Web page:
The result was an explosion of student militancy aimed at all symbols of discipline, and of the past. Nearly all pre-1949 writers and music was banned. People were imprisoned for having collections of classical music records, or books by Balzac or Goethe

Eleven million students went on a violent rampage as Red Guards, who while using the intoxicating language of social revolution were in fact easily manipulated by different factions in the party. Lin Piao and his supporters (the “Left”, led by the Cultural Revolution group) saw the chance to remove their main rivals within the party, Mao’s heir Liu Shao-ch’i and general secretary Teng Hsiao-p’ing. Lin Piao would then stand close to inheriting the supreme leadership on the retirement of Mao. Secondly, the party cadres disgraced by Liu and his wife during the socialist education movement now had a chance to destroy Liu, and secure their rehabilitation.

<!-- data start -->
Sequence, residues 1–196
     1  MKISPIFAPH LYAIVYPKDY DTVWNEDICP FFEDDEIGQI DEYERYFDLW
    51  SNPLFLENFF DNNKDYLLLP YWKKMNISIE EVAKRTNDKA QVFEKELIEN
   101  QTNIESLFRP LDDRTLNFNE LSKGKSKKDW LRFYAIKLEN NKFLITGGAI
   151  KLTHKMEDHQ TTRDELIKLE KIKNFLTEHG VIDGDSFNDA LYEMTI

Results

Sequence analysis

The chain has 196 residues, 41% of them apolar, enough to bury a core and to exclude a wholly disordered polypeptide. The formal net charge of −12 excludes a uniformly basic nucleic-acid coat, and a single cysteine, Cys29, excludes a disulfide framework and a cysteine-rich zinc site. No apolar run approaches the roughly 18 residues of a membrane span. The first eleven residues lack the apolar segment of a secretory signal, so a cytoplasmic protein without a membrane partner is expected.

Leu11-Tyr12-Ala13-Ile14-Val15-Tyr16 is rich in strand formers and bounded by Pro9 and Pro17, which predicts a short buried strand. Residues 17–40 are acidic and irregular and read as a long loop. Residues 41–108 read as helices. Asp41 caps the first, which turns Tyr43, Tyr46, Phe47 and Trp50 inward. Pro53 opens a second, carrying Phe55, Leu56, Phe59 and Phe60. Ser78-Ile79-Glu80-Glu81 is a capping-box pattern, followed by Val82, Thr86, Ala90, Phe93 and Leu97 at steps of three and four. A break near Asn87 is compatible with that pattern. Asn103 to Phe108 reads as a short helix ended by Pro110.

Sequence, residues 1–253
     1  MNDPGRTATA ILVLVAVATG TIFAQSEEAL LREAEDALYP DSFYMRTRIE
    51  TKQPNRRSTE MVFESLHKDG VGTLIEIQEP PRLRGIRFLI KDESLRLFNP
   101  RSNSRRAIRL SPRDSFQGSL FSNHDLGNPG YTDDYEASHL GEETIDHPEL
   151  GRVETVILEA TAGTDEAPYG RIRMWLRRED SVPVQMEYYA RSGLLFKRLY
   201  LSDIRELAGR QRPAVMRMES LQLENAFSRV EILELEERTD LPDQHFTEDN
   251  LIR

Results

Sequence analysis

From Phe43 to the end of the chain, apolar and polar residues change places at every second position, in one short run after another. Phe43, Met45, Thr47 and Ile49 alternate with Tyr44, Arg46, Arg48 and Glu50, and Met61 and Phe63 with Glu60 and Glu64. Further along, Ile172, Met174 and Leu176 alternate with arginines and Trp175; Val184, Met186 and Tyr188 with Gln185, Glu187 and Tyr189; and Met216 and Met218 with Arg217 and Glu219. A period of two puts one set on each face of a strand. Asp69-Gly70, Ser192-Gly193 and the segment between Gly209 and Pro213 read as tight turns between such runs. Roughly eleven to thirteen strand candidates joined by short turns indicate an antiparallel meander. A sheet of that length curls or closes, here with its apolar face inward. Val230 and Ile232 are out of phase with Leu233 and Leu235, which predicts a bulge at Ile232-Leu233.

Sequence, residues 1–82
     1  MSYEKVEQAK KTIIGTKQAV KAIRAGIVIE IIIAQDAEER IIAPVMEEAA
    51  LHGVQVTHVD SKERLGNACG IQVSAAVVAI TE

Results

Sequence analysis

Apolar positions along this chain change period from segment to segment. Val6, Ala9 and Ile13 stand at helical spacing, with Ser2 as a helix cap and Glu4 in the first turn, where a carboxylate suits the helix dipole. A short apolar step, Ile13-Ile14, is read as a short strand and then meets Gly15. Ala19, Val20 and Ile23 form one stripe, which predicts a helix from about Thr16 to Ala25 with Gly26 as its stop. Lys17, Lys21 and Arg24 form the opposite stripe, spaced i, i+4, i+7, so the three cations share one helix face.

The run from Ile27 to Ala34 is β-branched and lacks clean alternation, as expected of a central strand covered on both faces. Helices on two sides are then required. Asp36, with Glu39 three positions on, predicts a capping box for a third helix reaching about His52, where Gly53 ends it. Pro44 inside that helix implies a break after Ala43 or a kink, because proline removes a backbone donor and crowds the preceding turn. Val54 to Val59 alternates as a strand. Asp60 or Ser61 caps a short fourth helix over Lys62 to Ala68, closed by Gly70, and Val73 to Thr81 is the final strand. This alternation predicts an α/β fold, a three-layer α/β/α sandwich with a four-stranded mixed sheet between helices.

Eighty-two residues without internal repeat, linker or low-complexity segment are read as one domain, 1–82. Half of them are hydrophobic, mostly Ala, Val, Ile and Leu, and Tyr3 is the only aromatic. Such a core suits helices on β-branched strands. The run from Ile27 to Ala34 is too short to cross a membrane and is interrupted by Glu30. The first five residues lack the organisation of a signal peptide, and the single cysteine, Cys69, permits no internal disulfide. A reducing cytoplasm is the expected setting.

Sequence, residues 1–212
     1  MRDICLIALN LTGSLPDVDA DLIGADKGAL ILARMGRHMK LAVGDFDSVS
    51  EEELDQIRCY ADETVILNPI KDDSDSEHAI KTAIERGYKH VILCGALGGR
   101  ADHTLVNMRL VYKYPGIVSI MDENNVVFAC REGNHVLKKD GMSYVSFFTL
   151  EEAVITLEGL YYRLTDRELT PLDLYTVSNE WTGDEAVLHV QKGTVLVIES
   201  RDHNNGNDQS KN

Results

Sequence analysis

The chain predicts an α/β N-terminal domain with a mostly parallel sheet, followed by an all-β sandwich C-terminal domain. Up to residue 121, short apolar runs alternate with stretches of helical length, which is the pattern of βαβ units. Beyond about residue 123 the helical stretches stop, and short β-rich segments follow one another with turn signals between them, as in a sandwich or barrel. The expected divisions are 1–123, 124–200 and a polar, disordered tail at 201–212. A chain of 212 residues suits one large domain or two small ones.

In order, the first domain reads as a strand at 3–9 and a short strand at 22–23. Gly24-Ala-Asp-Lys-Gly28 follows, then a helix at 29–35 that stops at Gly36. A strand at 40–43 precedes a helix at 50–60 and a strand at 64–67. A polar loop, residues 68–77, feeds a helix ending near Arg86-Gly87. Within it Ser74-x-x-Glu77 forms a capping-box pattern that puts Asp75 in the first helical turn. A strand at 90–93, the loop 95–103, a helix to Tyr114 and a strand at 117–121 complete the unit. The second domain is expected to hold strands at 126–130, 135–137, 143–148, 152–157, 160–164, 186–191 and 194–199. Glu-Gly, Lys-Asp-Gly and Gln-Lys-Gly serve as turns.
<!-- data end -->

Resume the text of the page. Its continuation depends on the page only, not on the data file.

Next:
Liu and Teng were obliged to accept the role of scapegoats to protect the party, saying that they alone were responsible for the changes introduced after the Great Leap Forward. Liu ceased to appear in public and retired to his State villa in Chung Nan Hai. Thus the head of State, central committee member, and heir to Mao, suddenly became a “capitalist roader”, the source of all ills for hundreds of millions of Chinese.